For the most part, the article presents some thoughtful, intriguing, and provocative findings. However, it is also somewhat perplexing how the authors arrive at their conclusion that fungi play an important role in the onset of AFS. In part this is due to the fact that their reported findings violate Koch's postulates on causation of disease and that the authors actually demonstrate that the “causative agents,” ie, fungi, are present in both diseased and control patients. Furthermore, the authors did not demonstrate that the same symptoms can be induced in a healthy subject after infection with the pathogen, in this case the fungus. Hence, it is rather difficult to accept, based on the preliminary data presented, the authors' assertion that fungi are important in the etiology of AFS and CRS.
      The authors' finding that 96% of the individual CRS surgical tissue examined revealed the presence of eosinophils appears to be important, since this finding contrasts with the fact that tissue specimens from all 4 control patients contained no eosinophil presence. However, this is not a new finding. Harlin et al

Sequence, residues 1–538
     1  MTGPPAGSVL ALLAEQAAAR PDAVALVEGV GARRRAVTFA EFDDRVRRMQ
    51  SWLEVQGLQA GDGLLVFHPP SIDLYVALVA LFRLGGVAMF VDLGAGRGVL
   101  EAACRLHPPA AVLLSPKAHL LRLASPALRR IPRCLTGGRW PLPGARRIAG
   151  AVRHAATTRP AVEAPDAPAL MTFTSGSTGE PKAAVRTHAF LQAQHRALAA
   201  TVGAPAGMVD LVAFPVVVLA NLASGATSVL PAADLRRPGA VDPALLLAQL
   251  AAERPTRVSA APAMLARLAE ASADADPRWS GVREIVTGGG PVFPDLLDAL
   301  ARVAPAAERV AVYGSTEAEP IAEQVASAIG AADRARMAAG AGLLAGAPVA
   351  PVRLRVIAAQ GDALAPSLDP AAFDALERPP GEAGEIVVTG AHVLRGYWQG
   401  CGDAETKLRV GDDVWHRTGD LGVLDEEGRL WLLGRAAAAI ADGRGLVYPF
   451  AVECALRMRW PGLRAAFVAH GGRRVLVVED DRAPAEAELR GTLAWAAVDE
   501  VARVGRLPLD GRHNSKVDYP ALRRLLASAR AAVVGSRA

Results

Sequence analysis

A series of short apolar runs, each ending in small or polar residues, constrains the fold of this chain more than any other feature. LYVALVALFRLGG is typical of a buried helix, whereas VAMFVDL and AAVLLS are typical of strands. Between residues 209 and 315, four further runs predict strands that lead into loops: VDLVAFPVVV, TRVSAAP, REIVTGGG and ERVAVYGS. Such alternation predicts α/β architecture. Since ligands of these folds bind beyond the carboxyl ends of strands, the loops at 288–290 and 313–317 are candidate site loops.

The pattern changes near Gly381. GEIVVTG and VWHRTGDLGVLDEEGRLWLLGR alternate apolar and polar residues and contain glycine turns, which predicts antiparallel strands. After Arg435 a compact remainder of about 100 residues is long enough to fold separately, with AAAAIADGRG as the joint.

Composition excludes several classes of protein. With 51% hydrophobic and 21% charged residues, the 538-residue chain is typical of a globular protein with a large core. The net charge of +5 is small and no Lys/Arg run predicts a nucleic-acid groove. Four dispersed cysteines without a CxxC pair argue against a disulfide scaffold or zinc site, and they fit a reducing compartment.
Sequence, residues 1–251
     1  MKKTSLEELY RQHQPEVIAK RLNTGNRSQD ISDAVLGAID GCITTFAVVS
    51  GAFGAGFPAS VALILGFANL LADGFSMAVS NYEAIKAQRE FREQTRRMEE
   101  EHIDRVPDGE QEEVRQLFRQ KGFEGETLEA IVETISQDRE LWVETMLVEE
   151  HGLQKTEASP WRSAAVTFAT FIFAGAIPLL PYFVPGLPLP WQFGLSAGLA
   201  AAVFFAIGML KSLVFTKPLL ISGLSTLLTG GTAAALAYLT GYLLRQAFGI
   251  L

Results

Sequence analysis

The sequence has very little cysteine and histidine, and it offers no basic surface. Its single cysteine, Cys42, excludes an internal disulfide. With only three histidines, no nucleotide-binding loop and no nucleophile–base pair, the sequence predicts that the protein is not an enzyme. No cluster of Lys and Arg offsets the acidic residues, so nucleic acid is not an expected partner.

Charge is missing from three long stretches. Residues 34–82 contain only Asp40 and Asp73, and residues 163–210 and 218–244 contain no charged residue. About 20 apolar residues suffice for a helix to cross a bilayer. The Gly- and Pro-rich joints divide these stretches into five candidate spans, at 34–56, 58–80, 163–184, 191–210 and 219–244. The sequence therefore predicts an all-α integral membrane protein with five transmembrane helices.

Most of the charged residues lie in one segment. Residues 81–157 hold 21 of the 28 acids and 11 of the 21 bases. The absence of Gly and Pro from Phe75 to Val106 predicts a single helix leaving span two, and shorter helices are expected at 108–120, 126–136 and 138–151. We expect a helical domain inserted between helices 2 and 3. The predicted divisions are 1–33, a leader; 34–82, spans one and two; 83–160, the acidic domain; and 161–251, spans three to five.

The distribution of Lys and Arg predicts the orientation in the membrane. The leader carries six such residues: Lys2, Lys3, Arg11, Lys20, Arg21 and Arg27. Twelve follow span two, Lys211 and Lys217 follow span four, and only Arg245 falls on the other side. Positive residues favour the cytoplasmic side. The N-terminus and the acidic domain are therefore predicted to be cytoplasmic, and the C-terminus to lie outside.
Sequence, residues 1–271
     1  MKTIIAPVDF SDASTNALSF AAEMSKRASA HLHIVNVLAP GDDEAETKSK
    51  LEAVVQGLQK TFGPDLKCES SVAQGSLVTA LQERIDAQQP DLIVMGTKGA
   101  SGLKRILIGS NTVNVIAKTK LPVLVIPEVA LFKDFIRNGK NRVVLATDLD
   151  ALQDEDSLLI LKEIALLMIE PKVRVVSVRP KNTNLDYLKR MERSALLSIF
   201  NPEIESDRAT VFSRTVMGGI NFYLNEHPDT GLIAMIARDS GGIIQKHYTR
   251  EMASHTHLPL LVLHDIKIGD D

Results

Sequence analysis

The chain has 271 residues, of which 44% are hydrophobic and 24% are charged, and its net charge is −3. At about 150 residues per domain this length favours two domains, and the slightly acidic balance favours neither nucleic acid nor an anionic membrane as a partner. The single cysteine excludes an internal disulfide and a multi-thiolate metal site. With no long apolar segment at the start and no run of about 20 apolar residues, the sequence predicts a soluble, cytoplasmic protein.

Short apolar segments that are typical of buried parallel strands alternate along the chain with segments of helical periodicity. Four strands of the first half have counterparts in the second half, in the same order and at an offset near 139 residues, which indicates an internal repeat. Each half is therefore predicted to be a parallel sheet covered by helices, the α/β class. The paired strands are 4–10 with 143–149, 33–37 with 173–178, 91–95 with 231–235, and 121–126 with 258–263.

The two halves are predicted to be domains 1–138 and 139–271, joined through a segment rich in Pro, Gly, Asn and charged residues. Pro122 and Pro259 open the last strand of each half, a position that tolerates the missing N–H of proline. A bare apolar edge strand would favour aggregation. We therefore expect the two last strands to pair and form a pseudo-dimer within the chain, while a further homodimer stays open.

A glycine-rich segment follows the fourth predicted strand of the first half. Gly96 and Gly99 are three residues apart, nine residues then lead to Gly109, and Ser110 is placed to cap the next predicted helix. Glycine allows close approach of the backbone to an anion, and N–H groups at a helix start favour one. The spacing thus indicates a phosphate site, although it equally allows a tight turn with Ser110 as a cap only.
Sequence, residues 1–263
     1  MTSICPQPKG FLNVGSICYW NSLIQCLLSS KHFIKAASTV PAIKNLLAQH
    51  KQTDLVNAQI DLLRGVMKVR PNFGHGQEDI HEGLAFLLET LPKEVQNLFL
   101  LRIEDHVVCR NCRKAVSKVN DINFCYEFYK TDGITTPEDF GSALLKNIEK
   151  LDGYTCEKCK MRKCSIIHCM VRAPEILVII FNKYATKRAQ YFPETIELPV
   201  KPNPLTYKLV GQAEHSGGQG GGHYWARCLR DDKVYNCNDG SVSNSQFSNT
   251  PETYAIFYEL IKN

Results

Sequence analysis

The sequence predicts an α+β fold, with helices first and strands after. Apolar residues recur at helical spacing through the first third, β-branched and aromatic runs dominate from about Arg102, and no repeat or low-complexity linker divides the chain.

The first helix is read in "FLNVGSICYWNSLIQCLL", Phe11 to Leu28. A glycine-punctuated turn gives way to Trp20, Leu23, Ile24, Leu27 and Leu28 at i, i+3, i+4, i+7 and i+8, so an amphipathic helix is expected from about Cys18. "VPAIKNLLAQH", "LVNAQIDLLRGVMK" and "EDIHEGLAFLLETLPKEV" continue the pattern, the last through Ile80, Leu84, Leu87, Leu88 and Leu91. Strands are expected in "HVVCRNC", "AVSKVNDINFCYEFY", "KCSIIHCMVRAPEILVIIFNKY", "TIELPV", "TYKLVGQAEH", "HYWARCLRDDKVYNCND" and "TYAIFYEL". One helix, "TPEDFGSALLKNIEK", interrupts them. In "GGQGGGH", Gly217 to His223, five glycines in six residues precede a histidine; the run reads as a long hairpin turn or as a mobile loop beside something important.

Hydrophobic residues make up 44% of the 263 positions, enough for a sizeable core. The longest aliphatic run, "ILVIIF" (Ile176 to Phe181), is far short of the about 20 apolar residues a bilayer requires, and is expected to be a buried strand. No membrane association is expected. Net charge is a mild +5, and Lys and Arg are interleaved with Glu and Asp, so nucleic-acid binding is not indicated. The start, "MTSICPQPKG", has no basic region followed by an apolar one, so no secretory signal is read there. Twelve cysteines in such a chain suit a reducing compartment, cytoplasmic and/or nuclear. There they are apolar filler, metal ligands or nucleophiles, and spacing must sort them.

• Harlin SL
      • Ansel DG
      • Lane SR
      • Myers J
      • Kephart GM
      • Gleich GJ
      A clinical and pathologic study of chronic sinusitis: the role of the eosinophil.
      reported in 1988 on a study of 26 patients suffering from chronic sinusitis that tissue from such patients “was extensively infiltrated with eosinophils.” Indeed, Hansel,
      • Hansel FK
      Clinical and histopathologic studies of the nose and sinuses in allergy.